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Anatomy of the lower urinary tract

Use this diagram of the lower urinary tract to explore how the bladder and urethra relate to the lower bowel and male and female productive organs.

To be able to understand continence fully it is important to know about the organs involved in storage and evacuation – the bladder and urethra, and how they relate to the lower bowel and the male and female reproductive organs.

The diagram below shows the position of the bladder in the abdominal cavity in a male, as the prostate gland can be seen below the bladder.

Anatomy of lower urinary tract

Figure 2.1: Anatomy of the lower urinary tract.

Urine is produced by the kidneys and is propelled downwards to the bladder in the ureters.

The bladder

The bladder is situated just behind the pubic bone. As it fills the bladder rises up into the abdomen and becomes ovoid.

Bladder has two functions:

  • To store urine
  • To expel urine

The muscle in the bladder wall is called the detrusor muscle (from the Latin word ‘detrudo‘ to thrust or push out). It is a smooth muscle under involuntary control and it plays a vital role in pushing urine out of the bladder.

As the bladder fills the detrusor muscle stretches with no significant rise in bladder pressure – this is known as bladder compliance.

This is important and we will come back to it again when looking at causes of urinary incontinence.

The bladder wall is mainly made up of a special type of smooth muscle called the detrusor which is elastic and allows the bladder to expand and contract. At the bottom of the bladder the detrusor muscle forms the internal urethral sphincter.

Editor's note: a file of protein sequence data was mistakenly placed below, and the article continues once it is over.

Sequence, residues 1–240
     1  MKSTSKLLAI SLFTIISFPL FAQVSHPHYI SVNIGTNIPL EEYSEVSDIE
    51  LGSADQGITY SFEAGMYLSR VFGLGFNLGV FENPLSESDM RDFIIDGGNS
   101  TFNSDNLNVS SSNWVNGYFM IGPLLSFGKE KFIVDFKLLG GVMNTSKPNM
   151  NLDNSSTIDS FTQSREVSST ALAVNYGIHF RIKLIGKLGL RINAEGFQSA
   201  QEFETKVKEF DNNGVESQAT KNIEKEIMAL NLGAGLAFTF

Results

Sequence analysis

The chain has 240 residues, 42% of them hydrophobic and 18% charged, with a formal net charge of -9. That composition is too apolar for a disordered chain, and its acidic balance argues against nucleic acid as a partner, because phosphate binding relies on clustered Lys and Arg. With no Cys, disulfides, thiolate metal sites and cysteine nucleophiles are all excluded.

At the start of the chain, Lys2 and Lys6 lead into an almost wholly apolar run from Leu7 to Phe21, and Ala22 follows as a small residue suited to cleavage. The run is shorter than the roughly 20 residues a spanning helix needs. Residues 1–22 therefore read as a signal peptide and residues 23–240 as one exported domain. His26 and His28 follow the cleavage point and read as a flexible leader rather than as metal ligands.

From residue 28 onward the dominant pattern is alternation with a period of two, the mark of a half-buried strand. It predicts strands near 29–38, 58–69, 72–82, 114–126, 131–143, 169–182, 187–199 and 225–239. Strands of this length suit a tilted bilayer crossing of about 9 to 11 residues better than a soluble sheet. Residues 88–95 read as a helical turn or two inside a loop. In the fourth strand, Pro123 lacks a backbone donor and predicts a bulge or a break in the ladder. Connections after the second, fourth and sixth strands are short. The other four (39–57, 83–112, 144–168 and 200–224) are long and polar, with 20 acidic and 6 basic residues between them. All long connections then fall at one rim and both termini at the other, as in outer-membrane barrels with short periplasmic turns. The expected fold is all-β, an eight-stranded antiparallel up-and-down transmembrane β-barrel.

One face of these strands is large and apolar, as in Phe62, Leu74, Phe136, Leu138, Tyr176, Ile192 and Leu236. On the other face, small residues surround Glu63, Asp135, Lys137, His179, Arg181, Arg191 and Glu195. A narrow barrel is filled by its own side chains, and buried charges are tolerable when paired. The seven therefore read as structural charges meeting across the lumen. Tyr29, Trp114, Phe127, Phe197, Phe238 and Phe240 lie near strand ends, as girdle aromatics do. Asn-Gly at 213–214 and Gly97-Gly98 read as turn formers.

The lining of the bladder is called the urothelium, a layer of specialised cells and other proteins that are very elastic, yet resistant to the chemical properties of urine and forms the first line of defence against infection.

The trigone is a triangular area of the bladder between the ureters and urethra. The trigone is a very sensitive area of the bladder: it is sensitive to pressure, changes in concentration and composition of urine and oestrogen levels. When stretched as the bladder fills it signals the spine and brain that the bladder needs to be emptied.

Key bladder facts

Facts you need to know and understand about the bladder to be able to interpret a bladder diary/frequency volume chart:

  • Urine is produced by the kidneys at a rate of 1-2 millilitres (ml) per minute. Therefore in 1 hour 60-120ml is produced
  • An adult bladder holds around 500ml (1 pint)
  • Usually the bladder is emptied when it is about 2/3 full – voiding 300-400ml
  • Normal voiding frequency is 4-7 times daily
  • When passing urine, most people will empty their bladder completely if they use the toilet correctly (sitting down for women) relax and take time.
  • For adults, a post void residual urine volume of less than 100ml is considered normal
  • Nocturia – waking from sleep by the need to pass urine at night – once nightly, if at all, is normal
  • Arginine vasopressin (AVP), previously known as antidiuretic hormone (ADH), reduces urine production and the level of this hormone will normally rise at night to decrease overnight urine volume. This allows us to sleep at night and is the reason why urine is more concentrated in the morning
Clinical practice points.
What could irritate the bladder? Concentrated urine, low oestrogen levels, ‘foreign bodies’ such as a catheter balloon, a bladder stone or bacterial infection affecting the urothelium (bladder lining).
What symptoms might occur? Frequency, urgency, pain (dysuria) and spasm.
© Association for Continence Advice. CC BY-NC 4.0
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Understanding Continence Promotion: Effective Management of Bladder and Bowel Dysfunction in Adults

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